Purinergic signaling is involved in asthma pathogenesis. Not only adenosine but also adenosine triphosphate (ATP) might play a role, but human evidence is scarce. ATP can be measured in exhaled breath condensate (EBC), a noninvasive airway sample suggested as being suitable for patient monitoring. We determined EBC ATP concentration in asthma, investigated its relation to disease parameters, and calculated airway ATP level.
EBC was collected from 45 patients with persistent asthma (age 34.7 ± 13.2 years; FEV1, 87.0 ± 15.5% predicted; mean ± SD) and 32 healthy control subjects (age 36.9 ± 12.6 years; FEV1, 98.9 ± 9.9% predicted). Exhaled nitric oxide concentration (FeNO) and lung function were measured, and Asthma Control Test (ACT) score was obtained. EBC ATP was measured in luciferin-luciferase assay. Airway ATP concentration was calculated using dilution estimated from conductivity of vacuum-treated EBC samples. Parametric tests were applied in the analyses. ATP concentrations and nitric oxide levels were logarithmically transformed.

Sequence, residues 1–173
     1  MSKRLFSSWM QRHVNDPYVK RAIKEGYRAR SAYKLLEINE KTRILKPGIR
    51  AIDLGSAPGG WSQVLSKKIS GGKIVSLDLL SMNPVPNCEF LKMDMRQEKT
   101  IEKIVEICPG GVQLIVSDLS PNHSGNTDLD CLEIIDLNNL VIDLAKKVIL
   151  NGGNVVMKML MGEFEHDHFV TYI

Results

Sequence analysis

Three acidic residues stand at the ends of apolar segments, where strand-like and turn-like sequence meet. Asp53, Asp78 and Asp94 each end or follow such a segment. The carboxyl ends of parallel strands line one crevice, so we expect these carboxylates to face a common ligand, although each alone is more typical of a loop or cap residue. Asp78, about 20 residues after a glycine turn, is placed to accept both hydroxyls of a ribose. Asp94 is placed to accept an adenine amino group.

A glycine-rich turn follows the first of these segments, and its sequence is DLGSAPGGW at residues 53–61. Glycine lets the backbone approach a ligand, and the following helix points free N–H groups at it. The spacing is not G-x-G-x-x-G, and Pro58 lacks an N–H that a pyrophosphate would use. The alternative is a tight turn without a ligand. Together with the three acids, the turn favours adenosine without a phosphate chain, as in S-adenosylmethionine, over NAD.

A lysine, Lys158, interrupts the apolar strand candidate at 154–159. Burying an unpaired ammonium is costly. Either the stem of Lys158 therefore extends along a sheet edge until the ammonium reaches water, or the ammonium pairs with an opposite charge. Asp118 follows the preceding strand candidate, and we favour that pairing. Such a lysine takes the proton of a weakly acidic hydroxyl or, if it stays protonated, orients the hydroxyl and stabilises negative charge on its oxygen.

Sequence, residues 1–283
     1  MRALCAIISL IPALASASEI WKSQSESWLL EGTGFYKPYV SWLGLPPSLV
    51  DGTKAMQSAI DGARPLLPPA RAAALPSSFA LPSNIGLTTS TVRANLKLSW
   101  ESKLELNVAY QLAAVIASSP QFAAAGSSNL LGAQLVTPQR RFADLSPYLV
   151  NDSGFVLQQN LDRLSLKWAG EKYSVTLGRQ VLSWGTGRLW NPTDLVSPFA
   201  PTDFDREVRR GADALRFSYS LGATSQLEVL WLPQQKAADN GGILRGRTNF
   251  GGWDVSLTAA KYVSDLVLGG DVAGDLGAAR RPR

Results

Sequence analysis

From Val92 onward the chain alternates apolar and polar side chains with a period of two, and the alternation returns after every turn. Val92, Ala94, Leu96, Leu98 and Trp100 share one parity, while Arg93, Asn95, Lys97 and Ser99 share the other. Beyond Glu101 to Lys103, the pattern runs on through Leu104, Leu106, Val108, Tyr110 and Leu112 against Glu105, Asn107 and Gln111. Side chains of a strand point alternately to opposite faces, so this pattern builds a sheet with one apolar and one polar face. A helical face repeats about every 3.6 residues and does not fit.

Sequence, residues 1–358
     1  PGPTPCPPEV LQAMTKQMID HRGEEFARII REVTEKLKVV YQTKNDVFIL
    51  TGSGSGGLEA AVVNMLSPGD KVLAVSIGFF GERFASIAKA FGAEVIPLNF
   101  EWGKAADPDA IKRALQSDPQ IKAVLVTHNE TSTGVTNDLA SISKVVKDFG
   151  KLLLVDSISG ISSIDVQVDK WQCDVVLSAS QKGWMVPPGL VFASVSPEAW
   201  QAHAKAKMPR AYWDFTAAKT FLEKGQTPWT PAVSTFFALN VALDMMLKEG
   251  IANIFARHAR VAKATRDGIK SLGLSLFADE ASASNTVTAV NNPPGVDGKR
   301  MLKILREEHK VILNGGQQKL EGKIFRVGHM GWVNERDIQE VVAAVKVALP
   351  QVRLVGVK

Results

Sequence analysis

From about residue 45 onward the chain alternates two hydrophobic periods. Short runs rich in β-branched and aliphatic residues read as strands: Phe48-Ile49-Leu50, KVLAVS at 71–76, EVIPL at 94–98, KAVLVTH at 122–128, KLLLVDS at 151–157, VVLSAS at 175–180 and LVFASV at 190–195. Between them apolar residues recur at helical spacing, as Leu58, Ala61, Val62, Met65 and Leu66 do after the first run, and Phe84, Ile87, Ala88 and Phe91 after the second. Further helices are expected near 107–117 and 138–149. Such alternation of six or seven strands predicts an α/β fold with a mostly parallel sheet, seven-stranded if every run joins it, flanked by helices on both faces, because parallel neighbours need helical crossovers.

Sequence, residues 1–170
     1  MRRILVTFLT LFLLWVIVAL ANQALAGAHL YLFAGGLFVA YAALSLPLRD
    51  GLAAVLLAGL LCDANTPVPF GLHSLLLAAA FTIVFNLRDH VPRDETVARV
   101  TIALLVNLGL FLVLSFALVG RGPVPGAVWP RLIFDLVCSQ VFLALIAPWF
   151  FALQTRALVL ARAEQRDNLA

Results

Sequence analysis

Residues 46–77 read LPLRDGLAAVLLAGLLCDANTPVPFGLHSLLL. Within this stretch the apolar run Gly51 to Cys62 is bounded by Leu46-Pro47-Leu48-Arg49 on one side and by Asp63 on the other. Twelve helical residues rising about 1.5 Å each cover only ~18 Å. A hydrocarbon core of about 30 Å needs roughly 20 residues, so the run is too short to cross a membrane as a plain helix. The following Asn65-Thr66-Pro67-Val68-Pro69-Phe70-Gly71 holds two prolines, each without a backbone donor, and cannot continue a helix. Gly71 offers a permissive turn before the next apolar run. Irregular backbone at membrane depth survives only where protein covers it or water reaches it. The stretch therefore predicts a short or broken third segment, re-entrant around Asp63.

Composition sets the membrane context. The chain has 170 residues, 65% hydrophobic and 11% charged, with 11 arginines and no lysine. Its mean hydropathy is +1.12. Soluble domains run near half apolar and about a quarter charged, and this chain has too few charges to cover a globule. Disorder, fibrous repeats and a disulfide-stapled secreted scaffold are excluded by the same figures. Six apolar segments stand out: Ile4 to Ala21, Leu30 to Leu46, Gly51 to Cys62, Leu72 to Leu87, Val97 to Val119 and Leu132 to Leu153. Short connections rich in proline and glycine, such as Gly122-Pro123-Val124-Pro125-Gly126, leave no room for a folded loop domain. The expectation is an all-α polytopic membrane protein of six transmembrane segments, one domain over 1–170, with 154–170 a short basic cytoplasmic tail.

EBC ATP and calculated airway ATP concentrations were not elevated in asthma, and none of them was related to FeNO or ACT score. EBC ATP concentration was influenced by airway droplet dilution (r = −0.32, P < .05), and there was a relation between calculated airway ATP level and FEV1 (r = −0.35, P < .05).
EBC ATP concentration does not seem to be useful for asthma monitoring. The relation between EBC mediator concentration and EBC conductivity highlights the importance of further standardization of EBC methodology and the need for more studies to understand airway droplet formation.